Al-Khudhairi was previously Co-Artistic Director at the Gwangju Biennale Foundation in South Korea, where she collaborated on the curation of the ninth edition of the Gwangju Art Biennale. During her tenure, she contributed the exhibition catalogue and a number of essays including Thoughts on Revisiting Histories, an essay for the Gwangju Biennale Roundtable.

Prior to her time in South Korea, Al-Khudhairi served as the Founding Director of Mathaf: Arab Museum of Modern Art in Qatar, which she helped to establish from the ground up. At Mathaf, she spearheaded the development of the institutional vision and strategic plan and initiated the cultivation of community relationships and support of the Museum. Among the exhibitions Al-Khudhairi curated were Sajjil: A Century of Modern Art and Cai Guo-Qiang: Saraab, and collaborated with fellow scholars and guest curators on a number of projects.

She has lectured around the world on the subject of modern and contemporary art, specifically related to the Middle East. Other past experience includes positions at the Brooklyn Museum and the High Museum of Art.

Al-Khudhairi holds a Bachelor of Arts in Art History from Georgia State University and a Master of Arts with Distinction in Islamic Art and Archaeology from the School of Oriental and African Studies at the University of London. She completed the Museum Leadership Institute program at the Getty Leadership Institute at Claremont Graduate University and most recently participated in the Independent Curators International Curatorial Intensive in New York.

Corporate Spotlight

Terry Kellogg, Blue Cross and Blue Shield of Alabama

Terry Kellogg

My Museum: Blue Cross and Blue Shield of Alabama aims to improve health and well-being throughout the state by investing in charitable organizations. How do you think your support of the arts improves well-being for the Birmingham community?

Terry Kellogg: Blue Cross and Blue Shield of Alabama and The Caring Foundation support initiatives to improve the health, wellness, and education of Alabamians. Health and wellness is more than a healthy body; it’s a healthy mind and spirit, as well. The arts improve the way people feel and interact with the world around them. Supporting the Birmingham Museum of Art and the arts provides opportunities to further enrich the lives of Alabamians.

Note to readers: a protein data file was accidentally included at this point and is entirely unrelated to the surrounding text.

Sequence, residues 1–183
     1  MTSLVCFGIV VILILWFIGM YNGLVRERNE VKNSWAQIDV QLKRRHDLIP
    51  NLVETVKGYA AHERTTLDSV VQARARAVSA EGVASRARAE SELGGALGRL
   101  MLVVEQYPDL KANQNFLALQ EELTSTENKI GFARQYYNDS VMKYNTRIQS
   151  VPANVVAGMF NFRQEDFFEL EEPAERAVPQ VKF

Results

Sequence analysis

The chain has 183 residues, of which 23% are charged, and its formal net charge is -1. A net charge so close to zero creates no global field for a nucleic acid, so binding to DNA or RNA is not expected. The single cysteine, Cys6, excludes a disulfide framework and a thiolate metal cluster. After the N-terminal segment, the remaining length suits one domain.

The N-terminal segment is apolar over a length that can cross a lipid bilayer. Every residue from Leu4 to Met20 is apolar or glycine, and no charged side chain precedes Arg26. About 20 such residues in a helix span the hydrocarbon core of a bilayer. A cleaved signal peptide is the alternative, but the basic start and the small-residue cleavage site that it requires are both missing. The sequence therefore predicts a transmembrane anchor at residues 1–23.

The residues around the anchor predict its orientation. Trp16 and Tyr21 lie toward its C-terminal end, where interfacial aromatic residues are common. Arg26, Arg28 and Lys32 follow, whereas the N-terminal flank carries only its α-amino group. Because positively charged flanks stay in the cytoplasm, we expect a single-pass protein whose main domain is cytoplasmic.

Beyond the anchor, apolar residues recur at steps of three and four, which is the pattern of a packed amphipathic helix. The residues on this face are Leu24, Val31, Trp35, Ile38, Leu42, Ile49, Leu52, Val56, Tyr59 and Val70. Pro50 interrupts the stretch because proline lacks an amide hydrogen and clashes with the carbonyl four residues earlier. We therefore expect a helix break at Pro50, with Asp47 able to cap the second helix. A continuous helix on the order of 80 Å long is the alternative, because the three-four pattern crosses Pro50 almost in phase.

MM: What do you look for when choosing to invest in a charitable organization?

TK: There are many worthwhile charitable organizations in our communities statewide. We support organizations that positively impact health, wellness, and education throughout Alabama. We ensure that the organizations we support are fiscally responsible and well-managed. We look for organizations and initiatives that improve the lives of Alabamians and meet the mission of The Caring Foundation and our corporate giving goals.

MM: As the number one healthcare provider in the state, Blue Cross and Blue Shield of Alabama is also a large employer. How do your philanthropic contributions to organizations like the Museum help you recruit and retain employees?

TK: We believe that employees want to work for a company that gives back to the community. And those who care about working for such an employer are more likely to care for the customers who the company serves. One of our Corporate Values is “Give Back to the Community.” We strive to utilize our corporate strengths and resources to positively impact the communities we serve. Giving back to the community is important to our employees. When employees feel good about their employer, they’re more loyal and dedicated to that employer and, most importantly, to their customers.

MM: Blue Cross and Blue Shield of Alabama has been a longtime supporter of the Museum. Why do you choose to support our organization?

TK: Supporting the Birmingham Museum of Art is a significant way to impact the Birmingham community. By providing educational and cultural opportunities, the Birmingham Museum of Art improves the quality of life for Alabamians. Children who lack the opportunities to travel or experience other cultures and geography can do so through their experiences at the Museum. It provides a unique, multi-dimensional learning opportunity—including art, history, geography, religion, sociology—that cannot be replicated or experienced in quite the same way anywhere else. These factors contribute to elevating Birmingham, and making it a highly desirable city to live and work, attracting a strong workforce and new businesses to our state.

MM: What do you enjoy most about your partnership with the Museum?

TK: We enjoy knowing that our support is making a difference in the Birmingham area by providing not only a cultural experience, but a well-rounded educational one, as well. We also enjoy knowing that prospective businesses entertaining an expansion or move to the area will be positively influenced by a visit to the Museum.